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Biden orders the DOJ to finish non-public jail contracts as a part of racial justice

President Joe Biden signs an executive order for transgender people to do military service when he meets with new Secretary of Defense, Lloyd Austin, in the Oval Office of the White House in Washington, USA on January 25, 2021.

Kevin Lemarque | Reuters

President Joe Biden on Tuesday ordered his Department of Justice not to renew its private prison contracts, one of several new planks on Biden's broad agenda for racial justice.

Biden signed four more executive acts after setting up his Racial Justice Plan at the White House. The measures are aimed at tackling discriminatory housing practices, reforming the prison system, respecting the sovereignty of tribal governments, and combating xenophobia against Asian Americans, especially in the face of the Covid pandemic.

"I ran for president because I believe we are in a battle for the soul of this nation," Biden said before signing the actions. "And the simple truth is that as long as systemic racism is allowed to persist, our souls will be troubled."

"I firmly believe that the nation is ready to change, but the government must change too," he said.

The actions are just the latest in a comprehensive flex of the presidential powers in the first week. According to a preview from senior administrative officials, Biden signed the following Tuesday afternoon:

An executive order directing Biden's attorney general not to renew the DOJ's contracts with privately operated penal institutions. A presidential memorandum instructing the Department of Housing and Urban Development to investigate the impact of the Trump administration's regulatory actions that "undermine fair housing policies and laws." Based on this analysis, the memo also instructs the HUD to take steps to fully implement the requirements of the Fair Housing Act. An executive order urging federal agencies to work with tribal governments on a regular and meaningful basis and an executive memorandum directing the Department of Health and Human Services and Bidens The Covid Health Equity Task Force should publish best practice promotion as part of its Covid response efforts Consider "cultural literacy" and sensitivity to Asian Americans and Pacific islanders. The memo also instructs the DOJ to work with these communities to prevent hate crimes and harassment against them.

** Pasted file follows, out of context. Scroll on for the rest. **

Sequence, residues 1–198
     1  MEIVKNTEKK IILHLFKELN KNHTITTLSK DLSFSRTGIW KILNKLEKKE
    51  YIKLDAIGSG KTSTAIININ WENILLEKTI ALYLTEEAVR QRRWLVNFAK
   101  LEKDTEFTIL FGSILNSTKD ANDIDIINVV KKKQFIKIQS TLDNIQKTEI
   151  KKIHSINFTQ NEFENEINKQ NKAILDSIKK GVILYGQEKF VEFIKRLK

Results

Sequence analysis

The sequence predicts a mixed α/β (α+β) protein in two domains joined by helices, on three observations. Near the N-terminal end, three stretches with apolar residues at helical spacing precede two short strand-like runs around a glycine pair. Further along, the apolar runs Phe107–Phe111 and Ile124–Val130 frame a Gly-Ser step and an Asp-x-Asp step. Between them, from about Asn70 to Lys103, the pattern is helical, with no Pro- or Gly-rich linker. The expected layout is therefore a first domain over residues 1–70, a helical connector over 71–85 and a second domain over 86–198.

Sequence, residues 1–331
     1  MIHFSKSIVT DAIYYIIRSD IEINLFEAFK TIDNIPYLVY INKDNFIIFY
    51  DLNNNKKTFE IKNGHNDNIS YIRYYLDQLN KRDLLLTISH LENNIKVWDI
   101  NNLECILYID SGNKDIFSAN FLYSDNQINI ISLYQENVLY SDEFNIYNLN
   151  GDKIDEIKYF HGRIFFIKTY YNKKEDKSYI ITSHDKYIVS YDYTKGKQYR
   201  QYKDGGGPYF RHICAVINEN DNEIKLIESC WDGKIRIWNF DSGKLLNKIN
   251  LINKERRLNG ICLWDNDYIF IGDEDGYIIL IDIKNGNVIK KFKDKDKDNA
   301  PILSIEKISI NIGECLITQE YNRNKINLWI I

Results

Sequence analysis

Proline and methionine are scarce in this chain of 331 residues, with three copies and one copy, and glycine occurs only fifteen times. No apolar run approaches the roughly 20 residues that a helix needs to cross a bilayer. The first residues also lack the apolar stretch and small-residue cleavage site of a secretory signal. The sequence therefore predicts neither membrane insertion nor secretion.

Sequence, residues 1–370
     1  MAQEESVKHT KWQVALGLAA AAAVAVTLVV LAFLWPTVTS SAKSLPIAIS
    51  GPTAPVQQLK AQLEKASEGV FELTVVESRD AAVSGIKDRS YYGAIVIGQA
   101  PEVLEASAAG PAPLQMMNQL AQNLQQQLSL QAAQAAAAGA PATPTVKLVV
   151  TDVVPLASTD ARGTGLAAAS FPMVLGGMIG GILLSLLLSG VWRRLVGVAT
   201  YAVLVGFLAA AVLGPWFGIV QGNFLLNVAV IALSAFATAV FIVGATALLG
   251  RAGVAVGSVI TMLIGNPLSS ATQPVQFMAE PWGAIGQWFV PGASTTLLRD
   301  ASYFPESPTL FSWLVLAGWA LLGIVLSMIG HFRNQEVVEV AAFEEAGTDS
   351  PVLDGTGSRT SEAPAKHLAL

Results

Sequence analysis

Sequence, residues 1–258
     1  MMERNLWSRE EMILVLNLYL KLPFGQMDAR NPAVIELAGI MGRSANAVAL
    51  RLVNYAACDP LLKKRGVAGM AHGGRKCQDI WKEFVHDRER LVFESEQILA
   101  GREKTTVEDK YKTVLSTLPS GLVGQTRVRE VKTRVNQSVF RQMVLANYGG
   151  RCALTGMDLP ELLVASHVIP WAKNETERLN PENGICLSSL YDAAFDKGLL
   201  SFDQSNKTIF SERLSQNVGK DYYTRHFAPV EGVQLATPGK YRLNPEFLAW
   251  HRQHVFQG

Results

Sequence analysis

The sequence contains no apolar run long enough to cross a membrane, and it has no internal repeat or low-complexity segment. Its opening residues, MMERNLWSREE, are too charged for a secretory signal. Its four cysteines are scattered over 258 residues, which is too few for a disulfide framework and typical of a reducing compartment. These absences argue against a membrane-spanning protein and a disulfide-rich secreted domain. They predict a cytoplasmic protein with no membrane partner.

"For too many American families, systemic racism and inequality in our economies, laws and institutions have still put the American dream way out of reach," said domestic affairs adviser Susan Rice at a press conference prior to Biden's speech and signing.

"These are desperate times for so many Americans, and all Americans urgently need federal action to help us overcome this moment," said Rice.

"Building a fairer economy is essential if Americans are to compete and thrive in the 21st century."

Rice noted in the briefing that Biden's order to the DOJ does not apply to private prison contracts with other agencies such as the U.S. Immigration and Customs Service ICE.

The order says "nothing about what may or may not happen to ICE facilities," she said, stressing that the recent measures are "just the beginning" of the government's racist justice push.

Domestic Policy Advisor Susan Rice speaks during the daily briefing in the Brady Briefing Room of the White House in Washington, DC on January 26, 2021.

Almond Ngan | AFP | Getty Images

Biden placed issues of racial justice at the center of his winning campaign against former President Donald Trump. Shortly after taking office, Biden signed an executive order setting his government's focus on social justice and repealing some of his predecessor's policies.

In particular, the January 20 action overturned Trump's September order to restrict federal entrepreneurs' ability to deliver training on diversity and inclusion in the workplace.

Biden also ended the Trump administration's "1776 Commission" which, in the final days of Trump's tenure, produced a report that was extremely critical of progressive ideologies.

Biden's command charged the Rice-headed Home Affairs Council with coordinating "efforts to embed principles, strategies, and approaches of justice throughout the federal government."

"This includes efforts to remove and provide equal access to systemic barriers to opportunity and benefit, identify communities that have been underserved by the federal government, and develop strategies to advance equity for those communities," it said in this regulation.

Biden is expected to return to the State Dining Room at 4:45 p.m., where he will speak about his government's efforts to contain the Covid pandemic.

– CNBC's Christian Nunley contributed to this report.

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